She talks about factory women. She says her twin sister was in the lingerie section. That was on the left. There was more glass on the ceiling to let in more light because they had to do delicate work. She says it was like walking over to my little pony with all the rainbow colours etc. all the pinks and the blues and the satins and chiffons.
She says there was a cross section of women. She was the youngest going in on her 15th birthday. Six weeks later she was working out on the factory floor and they were celebrating someone's 65th birthday. There was a cross section of ages and women and men. There were married women and single. She talks about her bench where was a woman called Pamela who was going to get married at 18 and a woman called Olwen who was 62. One of the women from the factory had to go with the family planning clinic. It was all very hush hush.
When asked if there were many women with children working at Polikoff’s she says yes probably, because based on her life she says her mother went back to work when the children were older. But on the whole you got married and stayed at home. There weren't any nursery schools and crèches. She says granny or 'bopa' would come in and look after the children if they weren't working themselves.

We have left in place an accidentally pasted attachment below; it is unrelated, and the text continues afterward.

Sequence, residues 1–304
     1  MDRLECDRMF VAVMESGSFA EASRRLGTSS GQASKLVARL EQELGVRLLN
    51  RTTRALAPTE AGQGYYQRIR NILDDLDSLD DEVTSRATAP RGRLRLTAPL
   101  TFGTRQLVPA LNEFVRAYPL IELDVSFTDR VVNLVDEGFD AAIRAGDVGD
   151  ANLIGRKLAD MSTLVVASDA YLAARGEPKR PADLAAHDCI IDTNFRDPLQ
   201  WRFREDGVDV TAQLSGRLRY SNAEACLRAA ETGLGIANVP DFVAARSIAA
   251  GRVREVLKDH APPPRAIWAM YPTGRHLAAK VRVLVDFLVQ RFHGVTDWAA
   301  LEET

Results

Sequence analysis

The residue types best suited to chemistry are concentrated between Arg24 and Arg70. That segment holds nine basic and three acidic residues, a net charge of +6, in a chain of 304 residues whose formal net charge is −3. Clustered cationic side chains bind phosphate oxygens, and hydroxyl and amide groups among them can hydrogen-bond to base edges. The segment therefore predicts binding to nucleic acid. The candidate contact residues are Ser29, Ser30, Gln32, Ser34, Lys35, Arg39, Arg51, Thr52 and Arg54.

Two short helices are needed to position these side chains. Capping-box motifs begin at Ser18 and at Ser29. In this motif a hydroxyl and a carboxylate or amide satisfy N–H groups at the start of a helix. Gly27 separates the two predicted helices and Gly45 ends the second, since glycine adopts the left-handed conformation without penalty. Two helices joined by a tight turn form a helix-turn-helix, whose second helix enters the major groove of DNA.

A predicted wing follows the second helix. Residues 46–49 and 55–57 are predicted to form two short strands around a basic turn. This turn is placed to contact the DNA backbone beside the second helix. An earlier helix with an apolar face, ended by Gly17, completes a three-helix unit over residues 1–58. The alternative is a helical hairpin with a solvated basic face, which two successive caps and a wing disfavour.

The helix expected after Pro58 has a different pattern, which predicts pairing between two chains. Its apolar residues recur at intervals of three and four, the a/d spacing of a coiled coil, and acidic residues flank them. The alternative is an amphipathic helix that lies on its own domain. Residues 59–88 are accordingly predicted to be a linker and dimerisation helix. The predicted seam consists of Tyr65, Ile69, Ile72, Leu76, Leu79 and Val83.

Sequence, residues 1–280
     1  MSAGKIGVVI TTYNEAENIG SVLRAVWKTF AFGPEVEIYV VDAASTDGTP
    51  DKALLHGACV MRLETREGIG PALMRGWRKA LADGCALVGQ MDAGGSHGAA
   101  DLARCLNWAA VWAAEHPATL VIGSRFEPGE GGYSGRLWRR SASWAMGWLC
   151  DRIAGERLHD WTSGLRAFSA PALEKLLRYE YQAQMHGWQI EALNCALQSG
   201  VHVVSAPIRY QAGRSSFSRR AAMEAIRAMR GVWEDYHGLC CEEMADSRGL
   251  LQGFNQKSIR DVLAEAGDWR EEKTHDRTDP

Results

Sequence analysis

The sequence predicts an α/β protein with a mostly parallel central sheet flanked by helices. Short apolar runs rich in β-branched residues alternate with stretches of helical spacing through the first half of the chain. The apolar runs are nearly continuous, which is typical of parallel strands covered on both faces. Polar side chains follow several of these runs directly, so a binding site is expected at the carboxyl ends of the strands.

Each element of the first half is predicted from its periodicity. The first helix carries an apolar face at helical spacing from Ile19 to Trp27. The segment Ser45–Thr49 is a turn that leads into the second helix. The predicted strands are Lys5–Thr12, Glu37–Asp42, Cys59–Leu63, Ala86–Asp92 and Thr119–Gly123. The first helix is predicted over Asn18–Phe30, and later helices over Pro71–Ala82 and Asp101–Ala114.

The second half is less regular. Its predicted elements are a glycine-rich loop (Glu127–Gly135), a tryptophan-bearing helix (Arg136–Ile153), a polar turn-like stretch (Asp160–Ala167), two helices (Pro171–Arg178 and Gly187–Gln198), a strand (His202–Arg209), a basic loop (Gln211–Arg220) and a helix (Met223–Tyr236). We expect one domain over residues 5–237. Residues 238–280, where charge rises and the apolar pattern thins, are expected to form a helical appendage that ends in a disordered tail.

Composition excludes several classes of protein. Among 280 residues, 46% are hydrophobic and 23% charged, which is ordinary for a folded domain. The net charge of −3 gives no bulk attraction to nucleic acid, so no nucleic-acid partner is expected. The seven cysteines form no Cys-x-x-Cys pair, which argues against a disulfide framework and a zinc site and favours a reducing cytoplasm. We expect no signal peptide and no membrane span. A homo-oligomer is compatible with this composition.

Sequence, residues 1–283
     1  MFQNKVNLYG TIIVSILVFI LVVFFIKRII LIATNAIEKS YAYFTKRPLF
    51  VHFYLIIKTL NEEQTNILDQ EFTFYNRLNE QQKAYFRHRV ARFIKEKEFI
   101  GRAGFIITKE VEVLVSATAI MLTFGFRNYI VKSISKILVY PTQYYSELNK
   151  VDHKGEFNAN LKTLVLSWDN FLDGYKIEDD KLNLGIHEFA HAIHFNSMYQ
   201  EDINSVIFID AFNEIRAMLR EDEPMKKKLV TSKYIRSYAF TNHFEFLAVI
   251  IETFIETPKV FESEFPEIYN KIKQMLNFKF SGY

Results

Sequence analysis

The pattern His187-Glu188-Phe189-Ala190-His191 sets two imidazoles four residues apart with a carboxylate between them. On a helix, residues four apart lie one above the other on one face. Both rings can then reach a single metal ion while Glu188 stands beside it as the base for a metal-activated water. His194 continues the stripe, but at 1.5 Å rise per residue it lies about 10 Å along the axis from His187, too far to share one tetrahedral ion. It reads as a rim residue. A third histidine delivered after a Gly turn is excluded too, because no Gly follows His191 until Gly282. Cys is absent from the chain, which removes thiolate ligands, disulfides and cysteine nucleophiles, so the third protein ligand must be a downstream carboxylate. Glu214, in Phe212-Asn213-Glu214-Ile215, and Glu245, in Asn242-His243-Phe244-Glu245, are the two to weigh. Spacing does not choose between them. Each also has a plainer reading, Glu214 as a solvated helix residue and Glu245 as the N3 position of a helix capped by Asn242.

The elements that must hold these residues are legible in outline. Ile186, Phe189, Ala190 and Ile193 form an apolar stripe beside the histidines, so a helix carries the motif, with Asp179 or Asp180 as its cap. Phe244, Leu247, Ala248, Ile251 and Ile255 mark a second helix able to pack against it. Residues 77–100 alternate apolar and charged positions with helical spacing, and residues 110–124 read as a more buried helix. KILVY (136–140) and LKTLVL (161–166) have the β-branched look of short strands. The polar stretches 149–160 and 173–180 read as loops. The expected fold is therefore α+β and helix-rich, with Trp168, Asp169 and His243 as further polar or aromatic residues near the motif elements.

"Women were working because they could not live on the wage packet of a miner or their husbands alone. It couldn't be done. Unless of course they had some help from their parents. The reason my mother didn't work was first of all she couldn't because she had a houseful herself and as each and every one got older they put a little wage packet in, so my mother could make do. I'll always remember poverty bot I'll always remember the camaraderie the women had. Factory work sadly is seen as this place of last resort" She says it's because they don't have an education and they don't have a skill and they can be taught the job. And they teach the women the jobs because the men won't do it. "Men won't put 22 ball bearings in a little cup and screw it up and pass it on. Men will do that because women know more than men the baby will come to mam and say mam I'm hungry. They won't go to dad. Dad's fast asleep aft night after a day's work so kids won't go to dad, they go to mum. And it's mum who turns round and learns to do this because it's putting bread and butter on the table. Everybody I would say, with only a few exceptions to the rule was in very much the same boat. They had an emotion, they had a connection to one another because they'd probably been there."